Pope Francis is behaving like a Latin American dictator – but the liberal media aren’t interested
In the latest Holy Smoke Podcast, canon lawyer Dr Ed Condon suggests that Pope Francis style of governance is more akin to that of a Latin American dictator than the Supreme Bridge Builder (Pontifex Maximus). However, despite the scandals rolling out of the Vatican on an almost unprecedented basis, he reflects on the fact that the liberal media aren’t paying any attention. As Damian Thompson points out:
Coverage in secular newspapers is patchy, biased and unreliable – The Times is perhaps the worst offender – while certain Catholic journalists who write about the Vatican appear to be taking dictation from a liberal faction in the Church that is trying to hijack this pontificate.
I say ‘hijack’, because the progressive churchmen who present themselves as Francis’s allies are pretending to be better connected than they are. The Pope frequently wrong-foots them by saying the opposite of what they expect. [case in point here is the terrible Charlie Gard affair]
Dr Condon offers a plausible theory as to why a supposedly approachable pontiff is regarded as a bully by many of the people who work for him, he comes from a religious order organised on miltary grounds and in such an environment, you do not question your orders. Condon suggests the pope likes being the man at the top and gives attention to the things he is interested in, as opposed to the more collegial way of doing things which is the accepted norm in Rome.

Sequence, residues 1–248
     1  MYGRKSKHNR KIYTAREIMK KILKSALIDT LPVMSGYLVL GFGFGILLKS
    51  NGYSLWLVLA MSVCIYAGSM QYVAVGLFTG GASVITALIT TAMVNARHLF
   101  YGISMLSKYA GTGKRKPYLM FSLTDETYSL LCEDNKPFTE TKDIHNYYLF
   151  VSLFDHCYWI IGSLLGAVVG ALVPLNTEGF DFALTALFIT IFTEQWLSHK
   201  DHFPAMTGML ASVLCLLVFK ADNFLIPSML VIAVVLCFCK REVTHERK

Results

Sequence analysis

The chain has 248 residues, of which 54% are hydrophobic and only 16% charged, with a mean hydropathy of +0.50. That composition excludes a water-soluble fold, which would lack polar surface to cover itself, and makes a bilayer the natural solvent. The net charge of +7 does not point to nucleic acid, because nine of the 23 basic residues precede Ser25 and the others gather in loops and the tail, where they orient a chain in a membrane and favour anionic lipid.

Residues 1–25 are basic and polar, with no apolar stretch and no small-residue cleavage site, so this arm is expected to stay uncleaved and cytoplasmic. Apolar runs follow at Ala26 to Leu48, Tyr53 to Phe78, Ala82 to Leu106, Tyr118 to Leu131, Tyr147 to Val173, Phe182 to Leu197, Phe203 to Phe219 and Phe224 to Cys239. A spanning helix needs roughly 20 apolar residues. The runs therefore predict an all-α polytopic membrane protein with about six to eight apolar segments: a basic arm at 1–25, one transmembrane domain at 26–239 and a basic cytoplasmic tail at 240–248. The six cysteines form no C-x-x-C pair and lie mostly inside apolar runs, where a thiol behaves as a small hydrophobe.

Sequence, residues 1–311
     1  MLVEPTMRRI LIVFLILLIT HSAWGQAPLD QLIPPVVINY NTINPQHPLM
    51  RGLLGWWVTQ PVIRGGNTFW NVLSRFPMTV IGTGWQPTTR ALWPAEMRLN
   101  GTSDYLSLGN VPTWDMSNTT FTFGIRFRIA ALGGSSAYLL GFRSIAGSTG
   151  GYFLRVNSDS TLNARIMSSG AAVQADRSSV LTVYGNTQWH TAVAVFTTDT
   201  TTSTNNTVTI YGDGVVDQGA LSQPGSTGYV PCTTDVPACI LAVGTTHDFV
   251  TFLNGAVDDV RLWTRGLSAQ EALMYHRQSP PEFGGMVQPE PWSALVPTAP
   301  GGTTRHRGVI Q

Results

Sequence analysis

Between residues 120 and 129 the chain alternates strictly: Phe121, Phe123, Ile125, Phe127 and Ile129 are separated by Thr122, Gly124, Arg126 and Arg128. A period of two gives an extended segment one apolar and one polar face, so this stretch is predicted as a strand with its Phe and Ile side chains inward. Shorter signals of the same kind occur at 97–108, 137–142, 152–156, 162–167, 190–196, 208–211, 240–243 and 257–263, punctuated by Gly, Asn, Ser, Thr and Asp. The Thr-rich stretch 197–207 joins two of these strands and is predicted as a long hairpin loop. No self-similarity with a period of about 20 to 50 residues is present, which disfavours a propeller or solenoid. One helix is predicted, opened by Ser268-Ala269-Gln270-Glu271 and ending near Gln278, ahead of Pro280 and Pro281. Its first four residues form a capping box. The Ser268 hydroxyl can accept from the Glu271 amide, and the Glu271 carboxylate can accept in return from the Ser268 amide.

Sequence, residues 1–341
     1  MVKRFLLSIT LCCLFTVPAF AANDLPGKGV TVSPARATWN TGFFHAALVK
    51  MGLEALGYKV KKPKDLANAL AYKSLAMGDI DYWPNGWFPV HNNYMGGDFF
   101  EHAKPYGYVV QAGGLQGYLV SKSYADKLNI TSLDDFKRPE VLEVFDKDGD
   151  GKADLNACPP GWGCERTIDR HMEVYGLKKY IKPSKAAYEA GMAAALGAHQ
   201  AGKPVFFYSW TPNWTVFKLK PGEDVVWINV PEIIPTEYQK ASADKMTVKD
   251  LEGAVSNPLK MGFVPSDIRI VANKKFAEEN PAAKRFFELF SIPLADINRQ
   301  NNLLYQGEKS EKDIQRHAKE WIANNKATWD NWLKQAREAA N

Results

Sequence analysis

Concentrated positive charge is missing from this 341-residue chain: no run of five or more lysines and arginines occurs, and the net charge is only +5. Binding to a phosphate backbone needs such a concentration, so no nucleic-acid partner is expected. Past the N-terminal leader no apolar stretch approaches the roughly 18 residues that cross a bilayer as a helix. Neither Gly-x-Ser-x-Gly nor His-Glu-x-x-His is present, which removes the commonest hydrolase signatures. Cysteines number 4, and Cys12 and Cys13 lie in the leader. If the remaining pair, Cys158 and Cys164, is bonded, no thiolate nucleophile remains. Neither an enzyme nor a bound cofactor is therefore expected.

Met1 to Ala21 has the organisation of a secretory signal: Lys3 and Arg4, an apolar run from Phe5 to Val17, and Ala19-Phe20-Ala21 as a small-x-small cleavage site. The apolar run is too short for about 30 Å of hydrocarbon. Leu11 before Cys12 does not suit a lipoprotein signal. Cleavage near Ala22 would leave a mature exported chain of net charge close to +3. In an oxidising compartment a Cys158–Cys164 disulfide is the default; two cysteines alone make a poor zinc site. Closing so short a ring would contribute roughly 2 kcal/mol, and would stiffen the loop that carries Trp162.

Condon sees Müller as a very loyal Vatican civil servant, something we have discussed here before as it seems that despite being firmly at odds with the pope on Amoris Laetitia, he has remained supportive of the Pontiff and tried to avoid a direct confrontation.
Condon says that the tone of governance has shifted radically and the ground has not been well prepared for that. Meanwhile, the background top recent events is really muddy and there is a clear lack of coherence in the reforms that Pope Francis is trying to push through.
Condon says that Pope Benedict refused to be part of the curial politics which are naturally a part of life in the Vatican whereas Francis is much more involved. This is because he cares about certain issues and wants to ensure their success.
Despite all these problems, we are not reading much about it in the media. This seems to be because they like Pope Francis whereas they did not like Pope Benedict. Condon says the journalists are taking dictation from factions in the Vatican.
Most interestingly on the dubia, Condon suggests that making the dubia public was a political move which invited an angry response from the authoritarian pope, notwithstanding the fact that the questions themselves were perfectly reasonable under the circumstances.